One night at about 10 p.m., on his way home from a date with his now wife, Dwayne Boswell of Cabot saw that one of his neighbors’ chimney was on fire.
“I told my neighbor his chimney was on fire, and we put it out,” Boswell said. “But then at about 2 a.m., I heard some commotion, and I looked outside, and his entire house was on fire.
“I went over and put the fire out, and I helped drag some of the furnishings out. I realized then [that becoming a firefighter] was a good way to help people.”
That was Boswell’s first taste of being a firefighter, and a few days later, he went to the Cabot Fire Department and asked the chief how he could help.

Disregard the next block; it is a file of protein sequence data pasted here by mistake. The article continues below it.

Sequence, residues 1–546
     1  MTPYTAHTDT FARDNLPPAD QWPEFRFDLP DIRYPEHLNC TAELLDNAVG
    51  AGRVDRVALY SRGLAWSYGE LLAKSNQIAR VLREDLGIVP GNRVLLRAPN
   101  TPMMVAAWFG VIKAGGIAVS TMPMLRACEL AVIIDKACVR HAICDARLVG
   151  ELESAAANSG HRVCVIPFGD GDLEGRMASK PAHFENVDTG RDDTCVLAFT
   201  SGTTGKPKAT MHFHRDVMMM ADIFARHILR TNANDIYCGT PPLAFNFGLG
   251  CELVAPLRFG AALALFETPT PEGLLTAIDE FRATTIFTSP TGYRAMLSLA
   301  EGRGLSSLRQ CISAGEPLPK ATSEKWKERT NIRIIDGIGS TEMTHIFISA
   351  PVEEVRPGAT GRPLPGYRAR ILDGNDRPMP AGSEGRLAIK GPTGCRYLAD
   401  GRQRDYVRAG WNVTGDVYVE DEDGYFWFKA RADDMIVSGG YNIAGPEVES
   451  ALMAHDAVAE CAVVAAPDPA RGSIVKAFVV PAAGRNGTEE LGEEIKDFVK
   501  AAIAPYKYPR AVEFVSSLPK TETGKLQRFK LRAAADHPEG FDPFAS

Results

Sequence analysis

“At the time, I just wanted to help out my community,” Boswell said. “I got an adrenaline rush from it, and I wanted to explore more about it.
“The following week, they were having their biweekly meeting, and I showed up and was introduced as their newest firefighter — that’s how I got started.”
Boswell started with the Cabot Fire Department in 1994, a year after he graduated from Cabot High School. Now 25 years later, Boswell has been named the new fire chief for the department after the previous chief, Phil Robinson, resigned in August.
Boswell was named interim chief Oct. 21, and at the City Council meeting Dec. 16, Boswell was officially named the new chief.
“Since I got on the Fire Department, I’ve always been a real ambitious person,” he said. “And I love this town and the community, and I love the guys that I work with.